Cork, silicone and screw cap: more than a trend


Going to open a bottle of wine and finding a silicone stopper or screw cap would’ve been surprising five years ago. By now it is quite common depending on the type of wine, especially when we’re dealing with young reds and whites.

 

So…where would we find them? Silicone stoppers are suitable for wines that are drunk young. They hermetically seal the wine and prevent oxygen from entering the bottle. This makes them ideal for wines that aren’t meant to evolve and should be consumed within two years of bottling.

 

Silicone stoppers cause the wine to oxidize more rapidly in addition to absorbing some of the aroma and slightly diminishing the aromatic intensity.  

 

Silicone stoppers are made from different plastic and silicone polymers. Manufacturing costs are lower, and they allow for more striking designs through the use of different colors. They came about as a solution to TCA (cork taint), but even now they’re not an absolute guarantee against the compound (2,4,6-trichloroanisole) that causes the odor or flavor.

 

We also frequently come across screw caps. Much like silicone stoppers, they’re used for young wines designed for immediate consumption. That being said, there are always exceptions. Depending on their lining, some screw caps on the market do allow for different levels of permeability, which makes it possible to use them on certain cellar-worthy wines.

 

In the hospitality sector, the screw cap is very practical, because staff can serve wine by the glass and then reseal the bottle as often as necessary. However, it completely eliminates the ritual of uncorking a bottle, which many consumers hold dear. Furthermore, screw caps are not apt for wines with reductive tendencies, because the seal is more airtight.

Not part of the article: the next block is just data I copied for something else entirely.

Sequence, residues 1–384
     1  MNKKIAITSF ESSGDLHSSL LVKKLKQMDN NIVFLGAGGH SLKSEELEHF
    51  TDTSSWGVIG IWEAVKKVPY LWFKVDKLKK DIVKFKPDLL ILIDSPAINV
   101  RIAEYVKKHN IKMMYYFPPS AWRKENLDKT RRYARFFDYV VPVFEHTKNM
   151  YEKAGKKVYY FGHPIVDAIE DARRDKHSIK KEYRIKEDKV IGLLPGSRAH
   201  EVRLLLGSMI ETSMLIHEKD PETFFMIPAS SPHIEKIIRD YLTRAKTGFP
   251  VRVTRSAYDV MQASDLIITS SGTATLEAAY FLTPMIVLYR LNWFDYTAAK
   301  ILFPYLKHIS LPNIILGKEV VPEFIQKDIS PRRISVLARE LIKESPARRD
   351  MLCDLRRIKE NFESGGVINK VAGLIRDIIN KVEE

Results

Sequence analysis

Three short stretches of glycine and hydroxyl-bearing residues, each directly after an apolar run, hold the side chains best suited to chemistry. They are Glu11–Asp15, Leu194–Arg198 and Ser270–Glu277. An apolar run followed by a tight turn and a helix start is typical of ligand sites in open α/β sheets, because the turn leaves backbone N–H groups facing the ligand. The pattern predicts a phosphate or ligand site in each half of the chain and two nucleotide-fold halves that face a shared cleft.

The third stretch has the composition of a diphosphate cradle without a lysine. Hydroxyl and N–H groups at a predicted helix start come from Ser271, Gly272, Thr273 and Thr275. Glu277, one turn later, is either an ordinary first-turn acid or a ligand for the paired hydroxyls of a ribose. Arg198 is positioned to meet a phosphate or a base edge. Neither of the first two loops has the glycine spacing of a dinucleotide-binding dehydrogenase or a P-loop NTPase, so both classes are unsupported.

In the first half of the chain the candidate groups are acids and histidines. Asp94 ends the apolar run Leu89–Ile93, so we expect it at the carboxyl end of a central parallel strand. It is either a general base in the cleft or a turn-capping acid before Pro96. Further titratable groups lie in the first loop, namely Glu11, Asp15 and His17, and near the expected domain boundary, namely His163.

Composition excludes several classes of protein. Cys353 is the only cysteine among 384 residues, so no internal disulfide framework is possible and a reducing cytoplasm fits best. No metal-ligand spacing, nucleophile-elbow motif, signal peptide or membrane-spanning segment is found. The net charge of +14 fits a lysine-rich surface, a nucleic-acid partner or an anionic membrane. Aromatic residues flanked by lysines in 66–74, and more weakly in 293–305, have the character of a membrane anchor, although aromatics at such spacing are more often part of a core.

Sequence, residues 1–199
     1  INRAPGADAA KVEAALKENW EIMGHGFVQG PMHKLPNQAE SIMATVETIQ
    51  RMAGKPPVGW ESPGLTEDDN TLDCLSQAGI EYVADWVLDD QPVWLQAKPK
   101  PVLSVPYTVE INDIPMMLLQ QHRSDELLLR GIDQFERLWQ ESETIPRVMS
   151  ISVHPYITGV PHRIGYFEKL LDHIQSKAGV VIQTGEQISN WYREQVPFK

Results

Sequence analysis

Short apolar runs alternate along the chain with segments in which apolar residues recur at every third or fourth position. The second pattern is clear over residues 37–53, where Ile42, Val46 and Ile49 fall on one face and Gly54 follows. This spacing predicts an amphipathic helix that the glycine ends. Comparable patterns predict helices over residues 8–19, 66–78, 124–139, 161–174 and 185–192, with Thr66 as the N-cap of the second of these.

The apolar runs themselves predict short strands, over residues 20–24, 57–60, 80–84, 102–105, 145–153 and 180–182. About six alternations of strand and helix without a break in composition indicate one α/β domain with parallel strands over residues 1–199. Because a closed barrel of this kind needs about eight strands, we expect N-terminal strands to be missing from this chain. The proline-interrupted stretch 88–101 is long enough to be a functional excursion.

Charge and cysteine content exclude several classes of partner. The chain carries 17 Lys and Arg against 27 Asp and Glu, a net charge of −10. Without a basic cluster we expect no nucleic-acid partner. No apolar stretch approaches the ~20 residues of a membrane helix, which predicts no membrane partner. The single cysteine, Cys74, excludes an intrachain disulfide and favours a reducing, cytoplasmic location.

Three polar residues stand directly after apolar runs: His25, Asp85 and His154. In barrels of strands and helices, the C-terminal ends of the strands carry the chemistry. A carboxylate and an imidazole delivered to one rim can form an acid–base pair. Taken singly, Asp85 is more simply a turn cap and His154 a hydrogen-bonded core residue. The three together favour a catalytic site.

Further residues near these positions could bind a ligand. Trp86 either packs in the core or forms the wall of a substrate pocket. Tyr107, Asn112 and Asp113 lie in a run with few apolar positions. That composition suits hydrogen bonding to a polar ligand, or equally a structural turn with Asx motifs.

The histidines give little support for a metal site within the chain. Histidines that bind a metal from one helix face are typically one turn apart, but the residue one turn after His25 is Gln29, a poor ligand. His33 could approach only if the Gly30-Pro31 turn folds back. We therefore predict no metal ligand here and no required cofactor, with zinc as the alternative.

The introduction and use of these types of closures (screw cap and silicone) was largely thanks to wine producers in Australia, New Zealand and South Africa. These Anglo-influenced countries are relative newcomers to the global wine industry and decided to forego the use of corks. Spain, Portugal and France, which are all cork-producing countries, still prefer the traditional cork.

 

Cork for cellar-worthy wines

 

A traditional cork allows the wine to evolve in the bottle. This is why cork is suitable for cellar-worthy wines, which one hopes will improve over time. During this stage, the wine needs a bit of oxygen to evolve, which is why closing the bottles with a cork is essential.  This allows the wine to refine its tannins, improve its aromas and shed some of its astringency to gain complexity and nuances.

 

There’s no accounting for taste, but it is true that the vast majority of consumers expect to find a traditional cork when they open a bottle. It’s part of the ritual. Removing the foil, driving the corkscrew in as deep and straight as possible, then slowly starting to pull…and examining and smelling the cork once it emerges with its characteristic “pop.”

 

If you don’t notice anything strange, the wine is good and ready to greet your palate. Should we give it a try with one of our wines?

 

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